The Asset Management Industry in the United States

Published by the Economic Commission for Latin America and the Caribbean (ECLAC)

Abstract

Asset Management is an agency activity in which financial assets are managed on behalf of end investors, institutional and retail. The industry that manages these assets has gotten very large, grown extremly rapidly, and is expected to keep growing apace. Three main factors are driving this rapid growth in the asset management industry: (i) the global pool of savers has become larger, older and richer; (ii) the sharp rise in the ratio of global wealth to income; and (iii) the cutback in the adequacy of socialized/institutionalized means of saving such as social security and defined benefit pensions for which private asset management has become a substitute.

The rapid and expected continued growth of the Asset Management Industry has been accompanied by concerns about the impacts of the industry on savings security and over all macroeconomic stability. These include concerns about, concentration and interconnectedness, illiquidity, and pro-cyclicality. These concerns are relevant to the entire industry, but they are especially relevant to the US financial asset management industry because the US industry is the largest and, arguably, the most innovative in the world.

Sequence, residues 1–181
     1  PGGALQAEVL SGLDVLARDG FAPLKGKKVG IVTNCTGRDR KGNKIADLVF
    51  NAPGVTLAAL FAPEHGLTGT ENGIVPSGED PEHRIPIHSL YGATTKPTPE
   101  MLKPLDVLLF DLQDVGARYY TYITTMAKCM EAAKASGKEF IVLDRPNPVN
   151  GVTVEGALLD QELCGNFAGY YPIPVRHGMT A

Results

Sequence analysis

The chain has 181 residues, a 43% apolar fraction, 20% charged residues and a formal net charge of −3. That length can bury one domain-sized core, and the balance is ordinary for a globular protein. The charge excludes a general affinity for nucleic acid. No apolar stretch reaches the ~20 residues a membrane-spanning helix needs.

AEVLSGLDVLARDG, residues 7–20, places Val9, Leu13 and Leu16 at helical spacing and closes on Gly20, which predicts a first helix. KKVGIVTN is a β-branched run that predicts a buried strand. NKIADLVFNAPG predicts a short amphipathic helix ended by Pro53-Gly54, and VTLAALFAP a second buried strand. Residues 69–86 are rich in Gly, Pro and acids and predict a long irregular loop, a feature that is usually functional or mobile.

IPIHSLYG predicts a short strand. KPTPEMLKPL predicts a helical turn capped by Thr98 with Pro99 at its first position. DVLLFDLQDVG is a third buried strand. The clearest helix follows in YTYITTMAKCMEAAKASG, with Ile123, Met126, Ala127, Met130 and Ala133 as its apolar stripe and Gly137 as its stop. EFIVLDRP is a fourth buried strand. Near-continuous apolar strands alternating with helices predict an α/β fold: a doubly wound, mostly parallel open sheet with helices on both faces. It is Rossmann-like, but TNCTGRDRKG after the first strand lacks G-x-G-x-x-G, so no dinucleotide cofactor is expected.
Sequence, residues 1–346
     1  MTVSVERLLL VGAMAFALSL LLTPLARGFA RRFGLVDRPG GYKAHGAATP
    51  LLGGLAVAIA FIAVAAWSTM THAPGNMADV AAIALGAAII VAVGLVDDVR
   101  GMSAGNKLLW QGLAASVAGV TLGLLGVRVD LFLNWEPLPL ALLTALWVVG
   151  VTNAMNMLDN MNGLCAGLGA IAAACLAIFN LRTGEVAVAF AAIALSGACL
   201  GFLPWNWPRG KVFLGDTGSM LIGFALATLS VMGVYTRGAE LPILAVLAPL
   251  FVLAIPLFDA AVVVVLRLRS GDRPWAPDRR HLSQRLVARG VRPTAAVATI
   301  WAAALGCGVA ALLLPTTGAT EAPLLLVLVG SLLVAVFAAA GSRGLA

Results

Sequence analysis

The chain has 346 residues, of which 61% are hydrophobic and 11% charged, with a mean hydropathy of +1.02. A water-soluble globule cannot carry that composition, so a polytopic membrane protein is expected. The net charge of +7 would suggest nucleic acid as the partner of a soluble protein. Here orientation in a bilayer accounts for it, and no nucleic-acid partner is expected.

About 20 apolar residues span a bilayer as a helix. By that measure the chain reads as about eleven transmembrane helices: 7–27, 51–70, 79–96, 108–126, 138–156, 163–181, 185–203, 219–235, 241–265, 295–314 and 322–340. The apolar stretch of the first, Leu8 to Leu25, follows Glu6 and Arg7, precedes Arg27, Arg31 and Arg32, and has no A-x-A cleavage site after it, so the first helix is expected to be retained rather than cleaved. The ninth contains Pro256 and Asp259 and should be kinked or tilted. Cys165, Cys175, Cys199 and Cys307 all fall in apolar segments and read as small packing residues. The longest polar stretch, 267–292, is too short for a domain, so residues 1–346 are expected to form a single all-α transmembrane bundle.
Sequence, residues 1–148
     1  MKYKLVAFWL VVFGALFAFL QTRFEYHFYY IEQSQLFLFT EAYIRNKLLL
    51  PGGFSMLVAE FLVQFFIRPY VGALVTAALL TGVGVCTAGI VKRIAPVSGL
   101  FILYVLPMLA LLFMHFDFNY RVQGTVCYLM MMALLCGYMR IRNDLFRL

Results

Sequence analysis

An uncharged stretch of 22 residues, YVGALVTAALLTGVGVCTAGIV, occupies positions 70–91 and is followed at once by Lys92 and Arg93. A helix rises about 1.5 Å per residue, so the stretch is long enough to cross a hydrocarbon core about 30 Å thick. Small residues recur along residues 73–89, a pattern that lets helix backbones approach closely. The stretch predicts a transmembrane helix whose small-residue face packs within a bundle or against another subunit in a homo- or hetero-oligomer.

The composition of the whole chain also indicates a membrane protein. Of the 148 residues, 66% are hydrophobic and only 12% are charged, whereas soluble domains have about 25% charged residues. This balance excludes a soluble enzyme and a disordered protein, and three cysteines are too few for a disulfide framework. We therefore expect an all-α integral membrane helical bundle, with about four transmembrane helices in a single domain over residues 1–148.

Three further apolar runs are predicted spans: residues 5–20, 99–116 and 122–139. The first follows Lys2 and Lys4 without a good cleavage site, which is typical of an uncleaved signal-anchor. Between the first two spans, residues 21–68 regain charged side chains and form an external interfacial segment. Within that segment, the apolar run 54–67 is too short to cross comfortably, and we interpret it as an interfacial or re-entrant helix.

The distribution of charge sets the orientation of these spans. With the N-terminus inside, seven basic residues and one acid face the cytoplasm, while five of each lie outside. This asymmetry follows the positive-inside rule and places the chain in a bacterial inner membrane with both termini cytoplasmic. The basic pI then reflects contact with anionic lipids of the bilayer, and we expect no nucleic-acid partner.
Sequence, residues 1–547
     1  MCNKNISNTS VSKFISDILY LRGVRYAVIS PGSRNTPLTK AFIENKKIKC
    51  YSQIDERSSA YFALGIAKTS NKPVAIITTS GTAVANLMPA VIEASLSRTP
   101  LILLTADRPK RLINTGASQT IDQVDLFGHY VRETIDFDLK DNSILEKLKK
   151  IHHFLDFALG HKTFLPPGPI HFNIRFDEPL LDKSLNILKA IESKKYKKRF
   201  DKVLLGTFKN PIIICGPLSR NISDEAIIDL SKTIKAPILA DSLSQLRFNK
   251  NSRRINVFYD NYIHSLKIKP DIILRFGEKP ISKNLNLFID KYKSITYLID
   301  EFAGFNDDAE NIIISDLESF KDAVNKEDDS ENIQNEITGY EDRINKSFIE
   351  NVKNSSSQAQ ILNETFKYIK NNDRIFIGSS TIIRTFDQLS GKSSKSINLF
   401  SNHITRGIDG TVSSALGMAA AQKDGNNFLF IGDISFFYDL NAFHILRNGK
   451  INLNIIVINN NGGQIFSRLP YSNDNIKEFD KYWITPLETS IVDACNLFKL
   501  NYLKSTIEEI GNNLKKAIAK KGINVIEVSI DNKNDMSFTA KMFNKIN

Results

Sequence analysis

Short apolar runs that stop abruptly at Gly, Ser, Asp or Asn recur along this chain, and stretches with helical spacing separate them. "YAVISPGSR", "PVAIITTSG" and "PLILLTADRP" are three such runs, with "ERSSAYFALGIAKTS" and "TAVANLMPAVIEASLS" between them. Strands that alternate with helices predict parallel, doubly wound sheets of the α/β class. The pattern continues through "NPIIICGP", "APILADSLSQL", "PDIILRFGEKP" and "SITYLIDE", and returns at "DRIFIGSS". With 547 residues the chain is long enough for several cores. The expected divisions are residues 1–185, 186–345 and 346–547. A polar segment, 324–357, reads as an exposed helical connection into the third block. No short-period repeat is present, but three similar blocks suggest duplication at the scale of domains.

This paper describes the dimensions and activities of the asset management industry in the United States locating the industry in the global context. It also discusses the evolution of asset management strategies utilized by the industry, setting up the discussion of the potential risks associated with this set of strategies and identifies the potential risks to the industry and explore the overall risks they raise for the global financial system. Finally, it provides regulatory responses to deal with these potential problems and briefly summarizes some suggested modifications of regulations to address these shortcomings.

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